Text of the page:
I’m still scared of public schools

I realized something the other day. I’m still scared of public schools. I’m not talking about a fear that is intellectually based, or a fear that I see as rational. I’m talking about the sort of fear that comes on you unaware, catches you in its nets, and pulls you down. I’m talking about the kind of fear that bubbles up from inside, from years of habit, from patters of thought you can’t seem to end. I’m talking about the kind of fear that is reflexive and intuitive.

I was taking my daughter to the park. I was bored of the close one, so I took her to one that I’d seen a little further away. It’s a park that’s attached to an elementary school but is open to the public after hours. I pulled into the school parking lot and immediately noticed that there were a number of other cars there. There were random people entering or leaving the school, some with a child in tow, some not. And then I felt it. The fear. The dread. The “turn and run” impulse. And then came the flashbacks.

I was ten. I was holding up a sign at a polling place with my parents, hoping to encourage people to vote for whatever anti-abortion candidate we were stumping for at the time. This particular polling place was at a public school. And I had to go to the bathroom. My mom instructed me to go into the school and find the closest bathroom, and sent one of my siblings with me. Unbeknownst to me, this happened at a time when the children (elementary school?) were out of their classrooms, on the way to recess or to lunch.

The halls were filled with strange children. I was filled with fear. Fear, to be surrounded by so many children I didn’t know. Fear, that someone might ask what I was doing there. Fear, that someone would notice that I was out of place. I held my sibling’s hand tightly and ran to the bathroom, dread flowing through my body, a sort of dread that didn’t fully disappear even when I got back outside to my campaign sign.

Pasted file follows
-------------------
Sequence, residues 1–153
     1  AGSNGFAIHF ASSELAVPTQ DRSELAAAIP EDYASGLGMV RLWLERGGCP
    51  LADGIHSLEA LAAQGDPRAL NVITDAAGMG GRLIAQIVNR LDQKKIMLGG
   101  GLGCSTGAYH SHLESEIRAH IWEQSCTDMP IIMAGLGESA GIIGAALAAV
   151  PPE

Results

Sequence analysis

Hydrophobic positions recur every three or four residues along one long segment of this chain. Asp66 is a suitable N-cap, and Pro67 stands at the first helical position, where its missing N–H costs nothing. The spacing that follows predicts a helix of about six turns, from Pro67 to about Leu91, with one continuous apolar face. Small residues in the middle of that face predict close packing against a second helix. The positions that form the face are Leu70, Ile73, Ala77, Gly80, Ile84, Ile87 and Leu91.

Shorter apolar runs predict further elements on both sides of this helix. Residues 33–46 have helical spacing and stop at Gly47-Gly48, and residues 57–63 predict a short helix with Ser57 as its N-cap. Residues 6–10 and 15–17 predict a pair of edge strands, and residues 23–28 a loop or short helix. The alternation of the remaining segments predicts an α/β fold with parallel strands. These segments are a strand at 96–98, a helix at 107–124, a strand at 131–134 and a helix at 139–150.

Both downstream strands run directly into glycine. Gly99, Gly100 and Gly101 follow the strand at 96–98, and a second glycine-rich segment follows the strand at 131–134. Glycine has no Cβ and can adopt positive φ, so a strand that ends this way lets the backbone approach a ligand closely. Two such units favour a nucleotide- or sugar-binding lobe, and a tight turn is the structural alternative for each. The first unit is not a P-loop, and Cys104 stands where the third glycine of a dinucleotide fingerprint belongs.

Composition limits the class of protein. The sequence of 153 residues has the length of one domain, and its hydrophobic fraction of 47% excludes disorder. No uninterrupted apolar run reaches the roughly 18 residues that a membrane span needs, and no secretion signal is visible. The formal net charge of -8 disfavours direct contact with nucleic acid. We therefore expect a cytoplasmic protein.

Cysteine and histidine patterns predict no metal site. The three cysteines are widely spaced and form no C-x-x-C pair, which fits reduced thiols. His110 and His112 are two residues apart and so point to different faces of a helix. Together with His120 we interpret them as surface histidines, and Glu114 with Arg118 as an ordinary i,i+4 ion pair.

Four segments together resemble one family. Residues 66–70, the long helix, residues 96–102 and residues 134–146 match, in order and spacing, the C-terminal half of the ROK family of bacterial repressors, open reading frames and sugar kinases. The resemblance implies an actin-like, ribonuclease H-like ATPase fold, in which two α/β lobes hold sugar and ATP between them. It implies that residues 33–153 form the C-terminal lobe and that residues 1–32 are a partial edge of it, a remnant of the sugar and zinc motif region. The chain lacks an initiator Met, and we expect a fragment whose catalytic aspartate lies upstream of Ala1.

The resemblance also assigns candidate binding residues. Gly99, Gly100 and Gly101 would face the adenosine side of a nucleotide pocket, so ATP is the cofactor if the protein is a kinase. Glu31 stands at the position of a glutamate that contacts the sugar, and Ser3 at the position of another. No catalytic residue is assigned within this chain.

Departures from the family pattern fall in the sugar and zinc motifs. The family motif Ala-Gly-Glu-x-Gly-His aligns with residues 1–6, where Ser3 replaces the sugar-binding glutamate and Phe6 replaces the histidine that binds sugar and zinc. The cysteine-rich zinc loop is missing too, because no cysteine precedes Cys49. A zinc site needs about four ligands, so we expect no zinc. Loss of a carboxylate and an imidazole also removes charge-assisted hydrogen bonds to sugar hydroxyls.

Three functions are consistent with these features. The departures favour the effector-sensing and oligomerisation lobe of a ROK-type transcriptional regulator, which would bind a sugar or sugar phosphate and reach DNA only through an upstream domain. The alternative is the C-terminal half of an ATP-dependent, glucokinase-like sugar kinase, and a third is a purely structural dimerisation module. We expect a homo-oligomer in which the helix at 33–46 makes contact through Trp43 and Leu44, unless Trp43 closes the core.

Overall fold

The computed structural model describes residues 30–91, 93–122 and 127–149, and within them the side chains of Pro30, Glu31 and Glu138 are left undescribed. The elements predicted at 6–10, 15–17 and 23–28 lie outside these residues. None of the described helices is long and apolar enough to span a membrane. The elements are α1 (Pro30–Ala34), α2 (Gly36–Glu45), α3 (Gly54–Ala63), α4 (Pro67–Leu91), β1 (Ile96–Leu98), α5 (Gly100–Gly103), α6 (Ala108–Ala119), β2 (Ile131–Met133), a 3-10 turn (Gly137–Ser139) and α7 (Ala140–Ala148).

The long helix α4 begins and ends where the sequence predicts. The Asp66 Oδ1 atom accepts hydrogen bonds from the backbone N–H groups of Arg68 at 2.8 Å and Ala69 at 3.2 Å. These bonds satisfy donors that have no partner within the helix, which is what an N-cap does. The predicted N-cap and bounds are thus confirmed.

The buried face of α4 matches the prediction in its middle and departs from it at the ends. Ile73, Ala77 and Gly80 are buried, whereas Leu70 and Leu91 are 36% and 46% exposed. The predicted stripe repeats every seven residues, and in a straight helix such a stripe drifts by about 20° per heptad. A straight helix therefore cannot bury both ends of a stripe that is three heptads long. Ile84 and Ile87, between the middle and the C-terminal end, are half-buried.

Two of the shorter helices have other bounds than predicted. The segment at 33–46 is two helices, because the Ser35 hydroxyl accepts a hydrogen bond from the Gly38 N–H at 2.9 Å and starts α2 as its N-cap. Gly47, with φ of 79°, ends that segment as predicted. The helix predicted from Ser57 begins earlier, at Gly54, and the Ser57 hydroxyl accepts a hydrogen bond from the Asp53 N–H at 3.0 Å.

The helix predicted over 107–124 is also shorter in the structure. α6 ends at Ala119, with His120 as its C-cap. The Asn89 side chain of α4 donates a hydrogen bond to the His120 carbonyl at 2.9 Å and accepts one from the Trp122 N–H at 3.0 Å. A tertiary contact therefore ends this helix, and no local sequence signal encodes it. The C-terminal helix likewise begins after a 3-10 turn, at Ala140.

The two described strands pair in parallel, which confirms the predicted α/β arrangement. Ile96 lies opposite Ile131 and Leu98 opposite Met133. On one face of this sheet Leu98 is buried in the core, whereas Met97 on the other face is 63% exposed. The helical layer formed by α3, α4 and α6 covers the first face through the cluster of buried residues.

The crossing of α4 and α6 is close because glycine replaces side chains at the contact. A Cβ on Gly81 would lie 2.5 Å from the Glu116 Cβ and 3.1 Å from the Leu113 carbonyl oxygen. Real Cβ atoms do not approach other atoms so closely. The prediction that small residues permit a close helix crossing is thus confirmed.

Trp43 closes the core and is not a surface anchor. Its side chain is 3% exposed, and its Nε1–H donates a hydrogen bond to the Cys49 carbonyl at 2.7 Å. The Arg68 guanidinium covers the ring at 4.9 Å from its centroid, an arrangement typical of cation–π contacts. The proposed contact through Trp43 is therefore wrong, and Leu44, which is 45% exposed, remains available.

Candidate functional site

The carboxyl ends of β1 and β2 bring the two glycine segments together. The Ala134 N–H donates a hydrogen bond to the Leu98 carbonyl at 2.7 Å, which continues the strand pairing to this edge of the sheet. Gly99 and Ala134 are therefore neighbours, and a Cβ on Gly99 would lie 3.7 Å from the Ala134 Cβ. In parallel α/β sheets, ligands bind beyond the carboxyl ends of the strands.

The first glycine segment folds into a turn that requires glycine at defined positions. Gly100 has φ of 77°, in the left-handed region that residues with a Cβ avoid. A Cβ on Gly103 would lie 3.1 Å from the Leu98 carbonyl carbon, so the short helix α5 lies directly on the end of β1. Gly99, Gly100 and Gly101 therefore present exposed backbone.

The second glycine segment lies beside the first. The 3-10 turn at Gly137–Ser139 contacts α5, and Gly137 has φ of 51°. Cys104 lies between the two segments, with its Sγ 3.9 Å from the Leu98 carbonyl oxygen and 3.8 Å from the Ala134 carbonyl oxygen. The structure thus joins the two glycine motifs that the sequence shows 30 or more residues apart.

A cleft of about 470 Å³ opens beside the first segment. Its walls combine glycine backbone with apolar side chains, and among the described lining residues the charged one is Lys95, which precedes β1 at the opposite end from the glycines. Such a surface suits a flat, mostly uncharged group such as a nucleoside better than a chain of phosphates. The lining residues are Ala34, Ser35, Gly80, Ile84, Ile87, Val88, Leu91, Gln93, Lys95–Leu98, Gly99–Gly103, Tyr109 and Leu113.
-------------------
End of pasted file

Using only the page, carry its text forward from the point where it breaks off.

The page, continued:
I was seventeen. I had to go to a public high school to take a test. I was the only homeschooled student there. My mother dropped me off and I had to find my way to the proper room on my own. Fear. Dread. A sense of panic. The teens who surrounded me looked so different, so foreign, so worldly. What if one of them said something to me? What if a teacher asked what I was doing? Fear. Dread. Ever muscle in my body was aching to run straight out of the building and hide until my mom returned to pick me up, but I forced myself to keep walking. It was like walking through jello, my limbs felt so heavy.

I managed to find the correct room and sat at my assigned table with my eyes on my paper. I didn’t score very well on that test, perhaps because of the fear that continued flowing through my body. Interestingly, leading up to that day it was going into a public high school that I was afraid of, not the test. When the test was over my mother came back to pick me up. As she walked through the halls with me she was obviously totally comfortable with the situation – curious, even, about the posters on the walls and interested in scouting out new teaching strategies. All I wanted was to get OUT. I would have run if I could have, as my body urged me to do. Instead, I stayed focused on getting to the door as fast as I could, pulling my mom along with me and carefully avoiding eye contact with the teens who surrounded me.